Cash for Coverage: Ghana's Media Elite Are on Consignment
At the core of journalistic professionalism are the ethics of honesty, integrity, non-partisanship and objectivity. In Ghana, it appears that those ethics have been brushed aside in order that the most elite of the country’s journalists may benefit from the ruling NDC government’s goal of fostering a culture of generosity with news outlets.
That’s what they are calling bribes in the annals of politics these days: “A culture of generosity.”
Like all evil times, there is always a remnant of men and women who possess enough strength of character and honor to expose rot, even when that decay swaddles those whom they call comrades. Had it not been for the bravery of Ato-Kwamena Dadzie who has been credited with breaking this news, none of us would have ever known that the Chief of Staff called 100 senior journalists to Flagstaff House for a meeting, and then shelled out a total of GHC100K to these individuals at its conclusion.
When we think of media collusion and bribery involving powerful entities like the government or multinational conglomerates, we often imagine huge sums of money passing between hands in dimly lit rooms. At the other end of the spectrum, a terrified and conflicted journalists may take a bride in an attempt head off a bodily threat or harm to his/her loved-ones. Not so in this case. Greed was the only factor at play here.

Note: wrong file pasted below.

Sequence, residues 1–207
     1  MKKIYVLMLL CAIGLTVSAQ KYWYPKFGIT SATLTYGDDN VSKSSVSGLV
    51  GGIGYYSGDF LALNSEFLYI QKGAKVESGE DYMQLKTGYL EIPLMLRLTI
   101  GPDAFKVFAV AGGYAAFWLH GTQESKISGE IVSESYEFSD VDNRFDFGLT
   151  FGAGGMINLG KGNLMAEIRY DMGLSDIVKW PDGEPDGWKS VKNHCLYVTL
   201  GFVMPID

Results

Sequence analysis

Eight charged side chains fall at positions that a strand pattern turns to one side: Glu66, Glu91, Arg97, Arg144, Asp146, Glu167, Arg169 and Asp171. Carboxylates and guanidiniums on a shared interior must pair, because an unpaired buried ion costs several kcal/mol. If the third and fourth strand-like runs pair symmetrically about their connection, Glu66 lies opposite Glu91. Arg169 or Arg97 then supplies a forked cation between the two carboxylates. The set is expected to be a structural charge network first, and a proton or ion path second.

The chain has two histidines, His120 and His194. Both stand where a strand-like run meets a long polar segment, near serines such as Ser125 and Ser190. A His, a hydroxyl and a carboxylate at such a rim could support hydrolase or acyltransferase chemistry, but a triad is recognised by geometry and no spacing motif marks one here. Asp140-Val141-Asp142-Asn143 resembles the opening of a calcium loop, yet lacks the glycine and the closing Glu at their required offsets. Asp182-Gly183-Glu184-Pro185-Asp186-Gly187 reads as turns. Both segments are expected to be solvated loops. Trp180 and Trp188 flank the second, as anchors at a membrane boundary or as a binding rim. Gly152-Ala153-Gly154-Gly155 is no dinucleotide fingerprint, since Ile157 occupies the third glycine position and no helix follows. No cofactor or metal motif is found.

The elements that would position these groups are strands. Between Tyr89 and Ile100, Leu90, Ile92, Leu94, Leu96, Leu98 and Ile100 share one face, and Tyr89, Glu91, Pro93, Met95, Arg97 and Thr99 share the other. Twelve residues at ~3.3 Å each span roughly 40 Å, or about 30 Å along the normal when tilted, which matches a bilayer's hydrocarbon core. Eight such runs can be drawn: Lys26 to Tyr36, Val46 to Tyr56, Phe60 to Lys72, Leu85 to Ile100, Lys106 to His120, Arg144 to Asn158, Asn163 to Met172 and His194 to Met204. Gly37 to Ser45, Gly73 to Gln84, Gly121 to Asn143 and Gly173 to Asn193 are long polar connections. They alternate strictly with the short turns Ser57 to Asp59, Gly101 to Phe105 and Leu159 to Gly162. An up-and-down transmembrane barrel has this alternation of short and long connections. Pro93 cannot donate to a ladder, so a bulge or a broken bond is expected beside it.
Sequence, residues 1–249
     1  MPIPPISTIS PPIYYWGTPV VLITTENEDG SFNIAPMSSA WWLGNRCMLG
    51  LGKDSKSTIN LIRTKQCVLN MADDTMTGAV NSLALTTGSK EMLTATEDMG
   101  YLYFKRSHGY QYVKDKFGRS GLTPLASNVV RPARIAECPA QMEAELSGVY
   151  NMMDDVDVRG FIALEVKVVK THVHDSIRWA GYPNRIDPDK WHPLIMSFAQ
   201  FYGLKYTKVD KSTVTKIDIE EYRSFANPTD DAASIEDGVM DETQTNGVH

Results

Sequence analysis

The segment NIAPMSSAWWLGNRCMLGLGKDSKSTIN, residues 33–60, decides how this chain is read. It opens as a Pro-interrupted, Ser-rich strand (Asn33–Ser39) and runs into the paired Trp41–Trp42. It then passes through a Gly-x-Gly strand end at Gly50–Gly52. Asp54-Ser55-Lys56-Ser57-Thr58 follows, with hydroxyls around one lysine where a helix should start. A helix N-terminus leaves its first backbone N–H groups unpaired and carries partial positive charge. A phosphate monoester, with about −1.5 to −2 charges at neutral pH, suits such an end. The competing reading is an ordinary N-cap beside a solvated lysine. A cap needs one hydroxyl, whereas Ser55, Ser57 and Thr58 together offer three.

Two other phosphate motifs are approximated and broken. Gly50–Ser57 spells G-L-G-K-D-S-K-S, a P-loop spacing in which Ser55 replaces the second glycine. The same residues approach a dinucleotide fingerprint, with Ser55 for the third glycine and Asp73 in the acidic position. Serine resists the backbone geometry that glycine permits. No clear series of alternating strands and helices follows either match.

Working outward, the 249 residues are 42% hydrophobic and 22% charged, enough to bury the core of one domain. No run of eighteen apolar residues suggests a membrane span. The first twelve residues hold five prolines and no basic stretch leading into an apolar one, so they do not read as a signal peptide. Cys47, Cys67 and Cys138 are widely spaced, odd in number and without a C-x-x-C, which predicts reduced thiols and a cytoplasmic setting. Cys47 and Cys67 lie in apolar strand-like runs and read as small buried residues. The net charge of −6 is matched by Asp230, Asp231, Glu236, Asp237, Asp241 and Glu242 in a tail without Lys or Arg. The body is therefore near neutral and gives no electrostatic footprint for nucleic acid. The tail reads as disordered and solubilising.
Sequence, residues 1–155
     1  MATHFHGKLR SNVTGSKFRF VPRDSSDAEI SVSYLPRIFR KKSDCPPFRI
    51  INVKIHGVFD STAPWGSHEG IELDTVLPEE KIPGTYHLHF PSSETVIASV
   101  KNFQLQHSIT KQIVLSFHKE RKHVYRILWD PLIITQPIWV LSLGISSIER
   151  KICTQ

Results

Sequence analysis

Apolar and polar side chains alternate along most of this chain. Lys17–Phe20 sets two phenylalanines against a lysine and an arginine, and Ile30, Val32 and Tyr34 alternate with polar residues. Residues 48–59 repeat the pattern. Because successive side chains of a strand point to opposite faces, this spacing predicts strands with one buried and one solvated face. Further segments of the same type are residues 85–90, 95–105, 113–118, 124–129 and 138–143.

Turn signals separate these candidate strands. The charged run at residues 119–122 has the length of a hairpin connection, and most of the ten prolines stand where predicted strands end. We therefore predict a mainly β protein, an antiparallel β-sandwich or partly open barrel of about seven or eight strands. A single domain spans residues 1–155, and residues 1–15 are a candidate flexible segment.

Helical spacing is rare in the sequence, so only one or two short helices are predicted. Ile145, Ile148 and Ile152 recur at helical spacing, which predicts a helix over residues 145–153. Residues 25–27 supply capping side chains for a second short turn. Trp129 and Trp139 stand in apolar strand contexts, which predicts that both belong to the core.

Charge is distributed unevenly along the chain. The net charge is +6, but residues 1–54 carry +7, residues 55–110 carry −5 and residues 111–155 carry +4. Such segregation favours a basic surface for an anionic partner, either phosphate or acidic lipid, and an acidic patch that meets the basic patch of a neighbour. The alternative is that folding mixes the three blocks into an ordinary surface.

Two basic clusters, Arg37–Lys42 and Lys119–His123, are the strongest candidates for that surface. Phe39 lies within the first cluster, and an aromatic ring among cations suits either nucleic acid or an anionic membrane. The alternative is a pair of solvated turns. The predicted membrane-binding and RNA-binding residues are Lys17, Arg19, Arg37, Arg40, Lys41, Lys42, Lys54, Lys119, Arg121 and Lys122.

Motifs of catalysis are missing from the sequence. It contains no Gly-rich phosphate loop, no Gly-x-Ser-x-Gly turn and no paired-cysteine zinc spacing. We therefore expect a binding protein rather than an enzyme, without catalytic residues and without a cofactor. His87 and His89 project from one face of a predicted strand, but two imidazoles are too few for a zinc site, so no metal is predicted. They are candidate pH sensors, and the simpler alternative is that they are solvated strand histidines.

It’s common knowledge that media professionals are sometimes pressured to either kill a story or slant it in a way that benefits the rich, powerful and/or famous. It is the masses who are either lulled into forgetting the undesirable or cajoled into eagerly consume fables presented as fact. This was never the goal of journalism. The code of ethics journalists are bound to compels them to serve in the public’s interests, not those of the powerful few. Usually, a journalist – a senior and seasoned one at that – who has studied his/her craft and perfected it over time would balk at the idea of betraying that hard won trust. It takes years to build the reputation as a trusted news source, and that investment is not something a true journalist would throw away for a pittance…unless that journalist was part of the Soli 100 in Accra this week. The term “soli” is short for “solidarity”. In the simplest terms, it is ‘Cash for Coverage’. It is immoral, unethical, and it does not serve the public interest.